Shelley herself is a product of her environment and era, and while the experiences she had were undoubtedly sad, they were not objectively unique. Learning about those experiences is key in understanding how the reality of the culture affected her and in turn affected her writing. The concept of birth is portrayed as a complicated paradox in Frankenstein for good reason. After all, Shelley’s miscarriage was not only a devastating tragedy emotionally, but she nearly bled to death. Medicine was nowhere near as advanced as it is now and that is another effect of the cultural stance on science at the time. These experiences and societal values that impacted her life led to her portrayal of birth in the text to be both creative and destructive. The lens of the book and the genre as a whole suggests modernity lacks purity and simplicity. Both Romantic and gothic literature offer insights on the paradoxes within nature, life, death, and beauty at points of cultural significance. An exploration of Frankenstein, and specifically how Shelley conveys the creature, reveal society’s view on science and medicine in 19th century England.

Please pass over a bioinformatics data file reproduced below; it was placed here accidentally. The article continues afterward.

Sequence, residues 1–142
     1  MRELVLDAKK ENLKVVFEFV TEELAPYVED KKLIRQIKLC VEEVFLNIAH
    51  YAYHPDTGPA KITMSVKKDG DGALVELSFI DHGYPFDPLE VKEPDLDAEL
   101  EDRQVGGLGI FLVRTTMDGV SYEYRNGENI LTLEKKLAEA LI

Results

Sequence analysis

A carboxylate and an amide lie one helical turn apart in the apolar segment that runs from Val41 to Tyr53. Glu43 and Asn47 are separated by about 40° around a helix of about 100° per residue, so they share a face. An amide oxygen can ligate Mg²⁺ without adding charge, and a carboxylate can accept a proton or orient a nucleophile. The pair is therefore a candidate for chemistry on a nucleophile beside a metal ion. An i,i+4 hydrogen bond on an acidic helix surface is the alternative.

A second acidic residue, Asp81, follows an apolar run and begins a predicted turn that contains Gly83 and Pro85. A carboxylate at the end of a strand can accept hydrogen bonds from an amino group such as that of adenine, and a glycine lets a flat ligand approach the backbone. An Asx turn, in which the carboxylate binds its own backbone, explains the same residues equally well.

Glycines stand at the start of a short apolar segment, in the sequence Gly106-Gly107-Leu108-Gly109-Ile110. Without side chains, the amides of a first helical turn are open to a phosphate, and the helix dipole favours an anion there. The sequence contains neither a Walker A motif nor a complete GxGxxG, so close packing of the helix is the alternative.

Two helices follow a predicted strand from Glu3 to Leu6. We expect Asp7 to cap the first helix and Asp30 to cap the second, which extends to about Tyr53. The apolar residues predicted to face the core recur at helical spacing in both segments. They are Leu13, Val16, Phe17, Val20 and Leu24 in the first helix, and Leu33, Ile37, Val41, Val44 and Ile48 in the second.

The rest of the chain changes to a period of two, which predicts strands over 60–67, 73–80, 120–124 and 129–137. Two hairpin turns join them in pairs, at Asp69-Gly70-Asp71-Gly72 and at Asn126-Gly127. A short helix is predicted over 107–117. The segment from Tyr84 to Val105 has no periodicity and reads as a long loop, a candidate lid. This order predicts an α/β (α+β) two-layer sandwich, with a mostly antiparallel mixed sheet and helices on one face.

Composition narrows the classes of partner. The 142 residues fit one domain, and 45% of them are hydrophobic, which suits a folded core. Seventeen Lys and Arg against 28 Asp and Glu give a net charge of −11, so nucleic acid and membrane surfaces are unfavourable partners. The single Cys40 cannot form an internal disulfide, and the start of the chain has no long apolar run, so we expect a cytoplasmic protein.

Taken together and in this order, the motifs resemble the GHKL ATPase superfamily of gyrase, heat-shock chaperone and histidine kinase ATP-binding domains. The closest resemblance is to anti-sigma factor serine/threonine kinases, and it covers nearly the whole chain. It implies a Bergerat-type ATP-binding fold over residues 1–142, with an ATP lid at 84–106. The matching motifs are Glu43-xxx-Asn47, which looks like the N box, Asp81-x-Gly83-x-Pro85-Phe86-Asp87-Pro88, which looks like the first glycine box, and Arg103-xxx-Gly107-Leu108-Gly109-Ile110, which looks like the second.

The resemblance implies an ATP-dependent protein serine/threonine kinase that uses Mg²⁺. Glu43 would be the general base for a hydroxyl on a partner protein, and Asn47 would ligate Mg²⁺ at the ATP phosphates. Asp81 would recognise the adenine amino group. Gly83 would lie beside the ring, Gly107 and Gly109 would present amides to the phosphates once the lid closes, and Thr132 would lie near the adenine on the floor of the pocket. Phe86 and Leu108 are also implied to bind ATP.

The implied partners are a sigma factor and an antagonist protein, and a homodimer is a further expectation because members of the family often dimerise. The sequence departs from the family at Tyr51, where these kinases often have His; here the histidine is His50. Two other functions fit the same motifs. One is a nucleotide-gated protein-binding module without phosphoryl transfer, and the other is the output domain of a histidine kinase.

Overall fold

The characterization of the creature as something profoundly ugly personifies and represents how society fears science. Doctor Victor Frankenstein is largely accused of “playing God” by many scholars and Shelley’s personification of the creature show that there are consequences to those actions. Science was feared and not accepted throughout most of society when conducted irresponsibly because it was considered mysterious and part of the unknown. This fear is demonstrated in Frankenstein since the creature becomes out of control and commits multiple murders while also serving as a living manifestation of fear and the unknown. While the world was in the midst of the Industrial Revolution, innovation and creation were undoubtedly seen as valuable to society. The era was increasing prosperity and production for society, however, the creature was not created to improve the quality of life for the masses. He was created out of the curiosity of one individual who played with something that is only supposed to be controlled by God and nature: death. Society’s industrial capabilities were evolving at an alarming rate and giving the population more and more power. It is seen in the text that the more Dr. Frankenstein dove into the exploration of the taboo aspect of science, the more he faced repercussions: “I cannot describe to you the agony that these reflections inflicted upon me; I tried to dispel them, but sorrow only increased with knowledge” (Shelley 141). The more the doctor learned and reflected, the more pain he experienced. His exploration of something he should not have been interfering with is depicted to cause him pain. Shelley is implying that by choosing to delve into this dangerous combination of science, life, and death the outcome is internally and externally negative. This exemplifies more than just the scientific values of the time. Rigid class structure only functions if those at the bottom are uneducated and unorganized. If the lower class is convinced that education will always bring sorrow then they will stay uninformed and ignorant.